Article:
[SOLVED] Having problems uploading Arduino code

I'm having trouble uploading a simple program to my Arduino Uno.

Using an analog pin to read the closing of a switch and outputing it through a digital pin

Here's the code: int PinA=4; bool a=false; bool B=false;

void setup(){ pinMode(A0, INPUT); pinMode(PinA, OUTPUT); Serial.begin(9600);

} void loop(){ B=digitalRead(A0); a=B; digitalWrite(PinA,a); }

Arduino: 1.8.13 (Windows 10), Board: "Arduino Uno"

Sketch uses 1896 bytes (5%) of the program storage space. The maximum is 32256 bytes.

Global variables use 184 bytes (8%) of dynamic memory, leaving 1864 bytes for local variables. The maximum is 2048 bytes.

avrdude: stk500_getsync() attempt 1 of 10: not in sync: resp=0xfd

avrdude: stk500_getsync() attempt 2 of 10: not in sync: resp=0x48

avrdude: stk500_getsync() attempt 3 of 10: not in sync: resp=0x40

avrdude: stk500_getsync() attempt 4 of 10: not in sync: resp=0xf2

avrdude: stk500_getsync() attempt 5 of 10: not in sync: resp=0x52

avrdude: stk500_getsync() attempt 6 of 10: not in sync: resp=0x1d

avrdude: stk500_getsync() attempt 7 of 10: not in sync: resp=0x71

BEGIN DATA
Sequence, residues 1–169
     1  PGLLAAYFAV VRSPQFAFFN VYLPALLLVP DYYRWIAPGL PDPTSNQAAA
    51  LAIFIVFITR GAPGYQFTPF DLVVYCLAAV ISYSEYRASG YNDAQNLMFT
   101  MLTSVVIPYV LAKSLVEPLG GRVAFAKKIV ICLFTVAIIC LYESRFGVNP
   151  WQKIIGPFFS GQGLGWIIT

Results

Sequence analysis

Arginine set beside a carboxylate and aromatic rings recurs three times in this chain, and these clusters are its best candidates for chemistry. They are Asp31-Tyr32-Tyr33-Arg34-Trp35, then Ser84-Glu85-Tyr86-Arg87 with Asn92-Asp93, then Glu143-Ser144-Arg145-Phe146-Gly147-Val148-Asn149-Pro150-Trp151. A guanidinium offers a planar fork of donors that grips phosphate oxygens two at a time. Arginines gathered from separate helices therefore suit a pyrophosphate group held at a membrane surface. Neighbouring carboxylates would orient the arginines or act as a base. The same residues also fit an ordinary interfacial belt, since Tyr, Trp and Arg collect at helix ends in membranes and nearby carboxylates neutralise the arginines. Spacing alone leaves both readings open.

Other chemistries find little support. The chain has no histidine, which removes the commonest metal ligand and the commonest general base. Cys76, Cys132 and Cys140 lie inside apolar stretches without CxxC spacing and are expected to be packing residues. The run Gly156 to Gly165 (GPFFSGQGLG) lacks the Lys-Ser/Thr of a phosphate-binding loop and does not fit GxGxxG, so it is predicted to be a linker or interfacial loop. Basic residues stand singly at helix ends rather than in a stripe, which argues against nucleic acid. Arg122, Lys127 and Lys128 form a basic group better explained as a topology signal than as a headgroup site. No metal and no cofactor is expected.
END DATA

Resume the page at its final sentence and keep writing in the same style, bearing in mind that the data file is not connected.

avrdude: stk500_getsync() attempt 8 of 10: not in sync: resp=0x82

avrdude: stk500_getsync() attempt 9 of 10: not in sync: resp=0x00

avrdude: stk500_getsync() attempt 10 of 10: not in sync: resp=0x02

You are probably trying to upload to wrong port.

.

ieee488: You are probably trying to upload to wrong port.

I made sure I was uploading it to the correct port

.

Remove any connections to pins 0 and 1 on your Arduino board. These pins are used for communication with your computer, including uploads. Connecting anything to these pins can interfere with uploads.

Make sure you have the correct board selected from the Tools > Board menu. Note that some boards have similar names, but are not interchangeable. Examples include "Arduino Uno" vs. "Arduino Uno WiFi" vs. "Arduino Uno WiFi Rev2".

pert:
Remove any connections to pins 0 and 1 on your Arduino board. These pins are used for communication with your computer, including uploads. Connecting anything to these pins can interfere with uploads.